Coming out of the closet is a right of passage for any LGBT individual. But coming doesn't necessarily have to be limited to sexuality. Sure, the term is often linked to being LGBT. But the act itself -- the opening of the door to let people see in, the acceptance and subsequent confession, and the embracing of something that once caused shame and guilt -- can also be applied to other things. I should know because I'm coming out again... as someone who has a mental illness.
Even now, as I write these words, I feel a sharp tightness in my chest and a twinge of embarrassment. Mental illness still has such a negative connotation. People associate the term with "crazy" and "unstable" and "weird." I know because I associated it the same way. I often thought, what's wrong with me? Why can't I just be normal?
The funny thing is, those are the same thoughts I used to have when I first discovered I was gay. The difference? I knew being gay wasn't something I couldn't change. But I thought maybe I could change my mental illness. I was diagnosed with severe depression at 17. I went on and off medication for years -- many different kinds. I'd get to a point where I'd feel "normal" again and tell myself, I don't need this stuff. I'm fine.
Months would pass, even years. Then something would happen, usually a life event of some kind that I was unprepared for or unable to cope with. I'd fall into a deep hole that I couldn't get out of on my own. I tried many different forms of therapy so that I wouldn't have to rely on medication. I did reiki, took herbs, read books, watched videos, took classes, signed up for online retreats, and more. While I think that all of these things are helpful, I know now that I them for the wrong reasons. Instead of helping me cope with my mental illness, I did them to get rid of it. But it took me two decades to understand that the only thing I could do was to accept it.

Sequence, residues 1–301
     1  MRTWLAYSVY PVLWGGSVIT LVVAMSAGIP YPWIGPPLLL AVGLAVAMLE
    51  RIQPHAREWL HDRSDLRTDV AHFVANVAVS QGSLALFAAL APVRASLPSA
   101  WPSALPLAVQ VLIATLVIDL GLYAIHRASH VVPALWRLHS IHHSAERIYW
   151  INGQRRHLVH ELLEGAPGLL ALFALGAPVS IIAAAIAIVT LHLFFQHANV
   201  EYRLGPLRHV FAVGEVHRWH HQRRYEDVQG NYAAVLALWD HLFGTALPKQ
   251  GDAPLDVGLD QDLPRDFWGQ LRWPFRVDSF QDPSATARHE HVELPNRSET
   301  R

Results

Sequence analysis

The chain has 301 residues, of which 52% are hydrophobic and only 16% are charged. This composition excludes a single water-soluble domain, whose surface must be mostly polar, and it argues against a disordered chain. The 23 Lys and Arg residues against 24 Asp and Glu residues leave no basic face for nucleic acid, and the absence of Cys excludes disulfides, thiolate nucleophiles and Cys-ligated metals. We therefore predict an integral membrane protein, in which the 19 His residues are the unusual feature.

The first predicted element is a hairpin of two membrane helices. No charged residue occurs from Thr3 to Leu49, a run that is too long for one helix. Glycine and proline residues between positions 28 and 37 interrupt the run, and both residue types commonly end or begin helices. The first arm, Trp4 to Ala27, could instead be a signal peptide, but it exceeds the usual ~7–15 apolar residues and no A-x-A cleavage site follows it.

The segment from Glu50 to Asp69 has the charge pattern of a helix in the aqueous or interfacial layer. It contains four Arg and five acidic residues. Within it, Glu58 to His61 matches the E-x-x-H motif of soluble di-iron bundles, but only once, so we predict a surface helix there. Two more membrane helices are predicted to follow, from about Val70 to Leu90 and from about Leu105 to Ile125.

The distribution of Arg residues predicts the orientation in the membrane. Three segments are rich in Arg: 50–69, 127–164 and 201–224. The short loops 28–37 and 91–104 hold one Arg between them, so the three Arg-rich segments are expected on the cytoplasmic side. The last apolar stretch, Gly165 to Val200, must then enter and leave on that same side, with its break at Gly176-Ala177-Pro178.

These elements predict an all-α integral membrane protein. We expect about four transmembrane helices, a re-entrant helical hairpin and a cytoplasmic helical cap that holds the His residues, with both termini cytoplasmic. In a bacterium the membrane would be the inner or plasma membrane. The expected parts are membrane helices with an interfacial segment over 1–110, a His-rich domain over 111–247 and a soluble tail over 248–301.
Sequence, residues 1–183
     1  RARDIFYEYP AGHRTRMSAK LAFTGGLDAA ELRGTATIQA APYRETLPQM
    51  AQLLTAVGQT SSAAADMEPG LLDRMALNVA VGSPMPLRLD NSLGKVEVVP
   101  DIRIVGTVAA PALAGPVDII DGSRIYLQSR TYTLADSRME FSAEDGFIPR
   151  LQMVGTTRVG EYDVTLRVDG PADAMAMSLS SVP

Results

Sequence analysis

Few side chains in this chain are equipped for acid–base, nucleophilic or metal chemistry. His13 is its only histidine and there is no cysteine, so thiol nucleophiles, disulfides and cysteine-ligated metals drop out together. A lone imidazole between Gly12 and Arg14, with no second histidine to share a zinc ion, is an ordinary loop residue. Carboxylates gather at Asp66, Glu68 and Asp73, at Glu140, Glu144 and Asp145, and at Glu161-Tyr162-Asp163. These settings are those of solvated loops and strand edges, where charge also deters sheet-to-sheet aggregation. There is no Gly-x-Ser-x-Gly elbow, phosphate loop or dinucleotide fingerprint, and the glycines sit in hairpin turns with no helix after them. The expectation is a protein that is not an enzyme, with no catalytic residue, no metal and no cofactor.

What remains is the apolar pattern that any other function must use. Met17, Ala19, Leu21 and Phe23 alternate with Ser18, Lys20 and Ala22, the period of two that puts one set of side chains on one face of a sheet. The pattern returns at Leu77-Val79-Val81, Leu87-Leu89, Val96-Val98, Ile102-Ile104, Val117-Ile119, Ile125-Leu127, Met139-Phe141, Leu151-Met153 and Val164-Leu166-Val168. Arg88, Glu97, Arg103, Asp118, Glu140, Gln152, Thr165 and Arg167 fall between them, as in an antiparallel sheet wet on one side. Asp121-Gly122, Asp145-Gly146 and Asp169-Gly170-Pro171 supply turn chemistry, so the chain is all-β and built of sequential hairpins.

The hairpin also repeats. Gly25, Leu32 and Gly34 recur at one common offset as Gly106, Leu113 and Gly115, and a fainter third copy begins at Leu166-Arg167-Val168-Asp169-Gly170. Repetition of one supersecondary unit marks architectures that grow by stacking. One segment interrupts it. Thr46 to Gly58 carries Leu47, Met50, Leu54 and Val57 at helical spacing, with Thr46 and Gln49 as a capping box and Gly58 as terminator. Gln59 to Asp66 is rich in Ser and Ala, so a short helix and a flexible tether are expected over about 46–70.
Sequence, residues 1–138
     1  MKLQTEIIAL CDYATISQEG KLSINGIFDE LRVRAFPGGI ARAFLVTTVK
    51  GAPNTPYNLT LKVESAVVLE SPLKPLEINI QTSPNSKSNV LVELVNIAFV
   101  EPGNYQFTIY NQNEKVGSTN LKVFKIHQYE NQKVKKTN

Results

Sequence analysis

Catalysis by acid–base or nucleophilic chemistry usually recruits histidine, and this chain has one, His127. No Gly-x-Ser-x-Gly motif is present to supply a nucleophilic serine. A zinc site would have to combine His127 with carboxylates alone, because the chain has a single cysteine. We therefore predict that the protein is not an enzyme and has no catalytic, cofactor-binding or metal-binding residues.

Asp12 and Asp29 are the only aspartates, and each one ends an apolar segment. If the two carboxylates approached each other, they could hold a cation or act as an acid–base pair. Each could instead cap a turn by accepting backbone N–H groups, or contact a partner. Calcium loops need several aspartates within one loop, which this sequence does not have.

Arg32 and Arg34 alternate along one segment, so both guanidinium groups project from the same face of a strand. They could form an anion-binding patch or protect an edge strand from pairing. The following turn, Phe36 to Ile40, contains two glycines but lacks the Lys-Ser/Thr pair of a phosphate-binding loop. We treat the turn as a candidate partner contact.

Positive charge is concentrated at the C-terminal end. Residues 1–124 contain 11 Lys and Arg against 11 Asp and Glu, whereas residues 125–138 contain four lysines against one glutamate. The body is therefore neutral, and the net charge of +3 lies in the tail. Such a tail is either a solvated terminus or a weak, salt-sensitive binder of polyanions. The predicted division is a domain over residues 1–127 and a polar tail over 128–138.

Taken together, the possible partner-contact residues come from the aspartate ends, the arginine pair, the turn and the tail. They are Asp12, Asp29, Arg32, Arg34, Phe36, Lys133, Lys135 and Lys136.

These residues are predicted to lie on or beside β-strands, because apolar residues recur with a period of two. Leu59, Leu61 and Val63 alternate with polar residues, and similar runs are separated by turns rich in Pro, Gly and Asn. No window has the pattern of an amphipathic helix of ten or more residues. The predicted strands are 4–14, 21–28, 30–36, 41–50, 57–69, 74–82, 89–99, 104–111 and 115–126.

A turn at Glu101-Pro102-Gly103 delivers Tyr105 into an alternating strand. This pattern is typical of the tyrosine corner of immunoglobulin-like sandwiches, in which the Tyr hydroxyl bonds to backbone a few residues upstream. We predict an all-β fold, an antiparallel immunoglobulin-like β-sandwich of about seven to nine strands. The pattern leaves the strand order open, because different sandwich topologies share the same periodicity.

I suffered my last bout of depression/anxiety in 2011. I found out I was going to be a parent for the first time and that gave me the wake-up call I needed. I asked myself, is taking a pill really that big of a deal if it helps?
My parents used to tell me that taking medication for my mental illness was like a diabetic taking insulin. I never believed them until I became a parent myself. I take my meds now without a second thought. I talk more openly about my depression and anxiety than I ever have before because it's important to keep an open dialogue in order to help break down stereotypes, stigmas and negative connotations. Chamique Holdsclaw, a former WNBA player and out lesbian, suffered in silence for years. Now she's talking about it on college campuses and other open forums. She even released a documentary called MIND/GAME about living with a mental illness on LOGO in late April. She's proud to share her story.
I, too, have since realized that I shouldn't be afraid or ashamed of something that is genetically a part of who I am. I own it. But, like my sexuality, it doesn't define me.
It never will.
This column appeared as part of Lyndsey's Lez Be Honest series for Loop Magazine.